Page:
When Margaret McGregor won her historic boxing match against Loi Chow, Dorothy Donahue threw her hands in the air and screamed.
"Oh God, she's great!" Donahue shouted over nearly 3,000 cheering fans at Seattle's Mercer Arena on Saturday night. "This is so exciting."
The crowd was in McGregor's corner nearly from the time she entered the arena to the tune of "It's a Man's World." The cheers echoed loudest when McGregor pummeled Chow, which was pretty often.
The McGregor-Chow bout may not have impressed boxing fans, but it made history and even changed some minds.
"I didn't think it was a good idea," admitted John Simpson, 25, of Seattle. But after seeing McGregor in the ring, he said he thinks it's a fine idea.
"She pretty much controlled the match," he said.
Lots of spectators were there for their first match, like Amanda Ryan, 21, of Seattle.
"I think it's exciting. It's history," Ryan said as she waited to buy sausages for her boyfriend and brother.
"If you train to be a boxer, you should fight other boxers whether they're men or women," she said.
Others in the near sellout crowd disagreed, with opinions splitting mostly along generational rather than gender lines.
"I think there are sports where women can compete equally with men, but I don't think boxing is one of them," said Sheila Wells, 46, of Renton.
Her fiance, Sherman Daniels, 46, agreed.
"I think it's not a good thing for boxing," he said. "Woman against man I'm not ready for that. Call me old-fashioned."
Across the country and the world, people have reacted to the male-female boxing match with a mix of fascination, excitement and dread.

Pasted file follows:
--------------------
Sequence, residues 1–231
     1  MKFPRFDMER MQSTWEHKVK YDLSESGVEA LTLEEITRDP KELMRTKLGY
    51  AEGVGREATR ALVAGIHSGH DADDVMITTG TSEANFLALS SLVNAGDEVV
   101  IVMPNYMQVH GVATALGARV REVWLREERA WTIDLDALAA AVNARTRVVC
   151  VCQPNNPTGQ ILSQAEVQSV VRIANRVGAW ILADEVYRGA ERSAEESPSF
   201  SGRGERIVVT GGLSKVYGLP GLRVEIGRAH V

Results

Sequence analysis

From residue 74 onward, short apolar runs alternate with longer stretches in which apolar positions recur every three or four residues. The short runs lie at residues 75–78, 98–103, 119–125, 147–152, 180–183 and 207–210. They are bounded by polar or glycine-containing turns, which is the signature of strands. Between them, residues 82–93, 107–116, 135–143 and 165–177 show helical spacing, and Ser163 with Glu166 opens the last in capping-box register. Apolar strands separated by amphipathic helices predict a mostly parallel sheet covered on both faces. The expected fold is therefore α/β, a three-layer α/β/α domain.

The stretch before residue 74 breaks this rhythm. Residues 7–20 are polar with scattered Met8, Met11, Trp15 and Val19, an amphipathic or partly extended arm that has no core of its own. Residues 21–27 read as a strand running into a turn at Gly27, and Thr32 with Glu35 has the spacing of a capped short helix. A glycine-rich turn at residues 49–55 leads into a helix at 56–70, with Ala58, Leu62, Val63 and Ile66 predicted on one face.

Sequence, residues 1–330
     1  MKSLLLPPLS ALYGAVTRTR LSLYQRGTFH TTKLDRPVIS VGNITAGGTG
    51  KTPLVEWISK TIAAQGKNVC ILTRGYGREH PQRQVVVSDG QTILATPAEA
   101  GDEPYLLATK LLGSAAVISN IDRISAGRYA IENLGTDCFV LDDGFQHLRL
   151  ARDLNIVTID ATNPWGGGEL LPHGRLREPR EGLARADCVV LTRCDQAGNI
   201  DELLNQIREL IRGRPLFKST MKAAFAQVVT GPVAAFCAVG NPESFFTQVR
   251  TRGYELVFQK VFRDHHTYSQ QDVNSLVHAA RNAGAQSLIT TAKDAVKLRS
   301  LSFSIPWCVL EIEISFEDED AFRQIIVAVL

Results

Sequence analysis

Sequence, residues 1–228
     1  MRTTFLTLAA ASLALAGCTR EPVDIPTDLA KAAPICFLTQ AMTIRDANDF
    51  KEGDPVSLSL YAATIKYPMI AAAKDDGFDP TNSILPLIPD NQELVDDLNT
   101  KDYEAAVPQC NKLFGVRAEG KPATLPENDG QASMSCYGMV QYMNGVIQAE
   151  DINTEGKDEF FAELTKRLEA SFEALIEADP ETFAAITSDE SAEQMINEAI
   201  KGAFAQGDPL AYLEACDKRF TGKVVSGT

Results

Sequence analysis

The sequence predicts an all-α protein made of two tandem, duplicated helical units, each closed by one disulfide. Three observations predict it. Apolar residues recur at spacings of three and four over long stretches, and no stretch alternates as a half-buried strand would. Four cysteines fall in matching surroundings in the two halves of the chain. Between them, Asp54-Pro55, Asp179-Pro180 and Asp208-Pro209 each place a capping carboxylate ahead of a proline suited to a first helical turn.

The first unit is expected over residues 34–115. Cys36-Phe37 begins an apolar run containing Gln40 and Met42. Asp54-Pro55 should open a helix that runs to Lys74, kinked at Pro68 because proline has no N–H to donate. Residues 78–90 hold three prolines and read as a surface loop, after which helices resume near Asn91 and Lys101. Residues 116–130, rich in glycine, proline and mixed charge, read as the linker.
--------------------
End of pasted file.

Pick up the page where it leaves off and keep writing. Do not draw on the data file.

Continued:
Many boxing officials have decried the bout as a shameless sideshow that will hurt the sport. Rock Newman, who promotes heavyweight Riddick Bowe, reportedly offered both fighters $3,000 each not to fight double the $1,500 each will make from the match. They declined.
"It's a lot of money, but I want to fight," McGregor said the day before the match.
At the bout, some spectators predicted the fight could boost women's sports.
"It'll open the door for women," said Dan Barker, 24, of Seattle, who attended with his sister. As he spoke, the crowd whistled and hooted while the bikini-clad round-card girls stepped into the ring.
"At least they'll be getting a chance to compete in the main stage," he said.
McGregor, 36, is a landscaper from Bremerton, Wash., who started boxing about a year ago and won three matches in quick succession against women. She's now 4-0. Chow, 33, is a part-time jockey from Vancouver, British Columbia, with an 0-3 professional record who hadn't boxed for about three years before Saturday night.
Chow stepped in after the boxer he was training, Hector Morales, pulled out of the match. Many in the cowd pitied Chow's position.
"If you win, you beat up a girl, and if you lose. Either way, the guy's in a tough position," said Mike Pitlick, 25, of Auburn.
Reporters from a dozen countries covered the four-round fight, and a dozen television cameras recorded the event.
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